TOKYO: Panic is in the air as China suffers its biggest one-day stock plunge since 2007. It shouldn’t be. The 8.5 per cent slide in the Shanghai Composite Index is actually a development that could leave China better off eight years from now.
I’m focusing on eight both because it’s an auspicious number in Chinese folklore (the Beijing Olympics didn’t begin on 8/8/08 by accident) and Beijing’s idea of nirvana. Growth returning to 8pc (relative to this year’s 7pc target) would buttress President Xi Jinping’s reformist bona fides. Instead, stocks fell by that much Monday as Xi’s magic has lost potency. Why is that a good thing? It’s at once a reminder that rationality is returning to mainland markets and a message to Xi to stop putting the financial cart before the proverbial horse.
Since mid-June, when shares began sliding, Xi’s market-rescue squad has tried everything imaginable: interest-rate cuts, margin-lending increases, bans on short selling, a moratorium on initial public offerings, hauling supposedly rogue traders in for a talking to, ordering state-run institutions to buy shares, halting trading in at least half of listed companies, you name it. What Xi hasn’t tried is upgrading the economy and financial system in such a way as to help the stock market thrive.
To find out what he should do next, Xi could do worse than to check in with Henry Paulson. Even though Paulson might regard with scorn China’s love of the number eight, it was on his watch as Treasury secretary in 2008 that the US had its own brush with financial collapse.
Paulson has been merciless in his all-hype-and-no-fundamentals critique of Xi’s government. “China is especially vulnerable at this point because while its economy has grown and matured, its capital markets have lagged behind,” he wrote in the Financial Times.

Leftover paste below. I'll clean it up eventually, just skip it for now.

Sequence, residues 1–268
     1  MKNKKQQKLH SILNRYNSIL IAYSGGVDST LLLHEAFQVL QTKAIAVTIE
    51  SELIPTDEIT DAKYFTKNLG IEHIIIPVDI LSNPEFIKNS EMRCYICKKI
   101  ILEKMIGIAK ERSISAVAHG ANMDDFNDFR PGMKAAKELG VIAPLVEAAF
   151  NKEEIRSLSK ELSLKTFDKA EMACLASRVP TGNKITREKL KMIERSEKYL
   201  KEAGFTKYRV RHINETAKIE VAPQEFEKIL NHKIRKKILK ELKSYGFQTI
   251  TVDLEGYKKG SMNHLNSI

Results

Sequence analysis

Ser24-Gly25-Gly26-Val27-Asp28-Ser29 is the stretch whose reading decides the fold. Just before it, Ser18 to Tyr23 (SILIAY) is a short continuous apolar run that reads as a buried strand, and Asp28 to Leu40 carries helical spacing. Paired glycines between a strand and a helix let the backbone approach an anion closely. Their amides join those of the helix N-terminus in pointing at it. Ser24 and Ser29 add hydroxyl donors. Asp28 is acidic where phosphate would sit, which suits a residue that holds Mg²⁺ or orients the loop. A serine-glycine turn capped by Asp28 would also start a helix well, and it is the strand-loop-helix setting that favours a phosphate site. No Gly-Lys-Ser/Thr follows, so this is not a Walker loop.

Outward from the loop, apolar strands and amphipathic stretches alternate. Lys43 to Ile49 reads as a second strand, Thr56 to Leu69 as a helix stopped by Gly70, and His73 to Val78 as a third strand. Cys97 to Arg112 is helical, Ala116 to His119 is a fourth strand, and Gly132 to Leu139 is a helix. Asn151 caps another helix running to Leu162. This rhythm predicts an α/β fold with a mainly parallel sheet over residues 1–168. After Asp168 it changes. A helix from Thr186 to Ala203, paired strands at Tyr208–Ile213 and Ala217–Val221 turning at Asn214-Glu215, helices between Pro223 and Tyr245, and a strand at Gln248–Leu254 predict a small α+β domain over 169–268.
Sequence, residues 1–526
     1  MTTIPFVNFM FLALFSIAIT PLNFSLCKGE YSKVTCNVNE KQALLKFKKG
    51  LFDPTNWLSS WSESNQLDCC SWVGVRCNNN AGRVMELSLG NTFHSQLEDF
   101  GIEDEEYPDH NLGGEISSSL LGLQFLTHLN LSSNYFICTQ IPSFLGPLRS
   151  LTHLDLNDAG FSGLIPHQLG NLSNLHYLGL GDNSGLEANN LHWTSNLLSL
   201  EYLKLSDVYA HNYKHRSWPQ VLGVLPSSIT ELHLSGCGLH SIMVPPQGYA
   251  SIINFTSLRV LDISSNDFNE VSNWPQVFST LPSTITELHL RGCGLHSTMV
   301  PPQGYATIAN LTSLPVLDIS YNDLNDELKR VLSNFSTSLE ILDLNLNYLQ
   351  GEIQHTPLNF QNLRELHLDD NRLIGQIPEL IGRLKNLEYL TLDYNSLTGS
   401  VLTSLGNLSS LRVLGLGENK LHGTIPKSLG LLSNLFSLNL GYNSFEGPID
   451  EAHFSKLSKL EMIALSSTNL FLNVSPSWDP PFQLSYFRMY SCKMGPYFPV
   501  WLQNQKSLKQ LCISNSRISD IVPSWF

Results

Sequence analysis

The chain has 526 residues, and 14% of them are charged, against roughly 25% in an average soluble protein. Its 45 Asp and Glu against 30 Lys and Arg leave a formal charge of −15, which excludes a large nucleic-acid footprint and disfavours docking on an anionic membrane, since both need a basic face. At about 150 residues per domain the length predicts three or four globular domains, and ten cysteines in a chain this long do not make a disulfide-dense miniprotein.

“It is no surprise that those ideologically opposed to markets would use recent events to make the opposite argument — that to prevent market instability, Beijing should slow the pace of financial liberalisation or perhaps even abandon market-based reforms altogether.”
Yet, he argued, “while Beijing’s instinct to protect investors is understandable, the best way of doing so is to create a modern capital market.”
That’s why ambivalence toward Xi’s titanically large market interventions could be a positive. It refocuses Beijing on what’s needed to re-create the vibrant markets that prevail in New York and Hong Kong. Xi’s Communist Party has tried and failed to stabilize things by edict. In fact, heavy-handed manipulation has set back Beijing’s designs on making the yuan a global reserve currency and getting Shanghai shares included in MSCI’s indexes.
As Paulson points out, no nation has ever achieved high-income status with a closed market system that misprices risk. The longer Xi’s men delay adopting international standards of capital allocation, transparency and basic trust in markets, the bigger the odds China will experience a Japan-like crash, circa 1990.
By arrangement with Washington Post-Bloomberg News Service
Published in Dawn, July 29th, 2015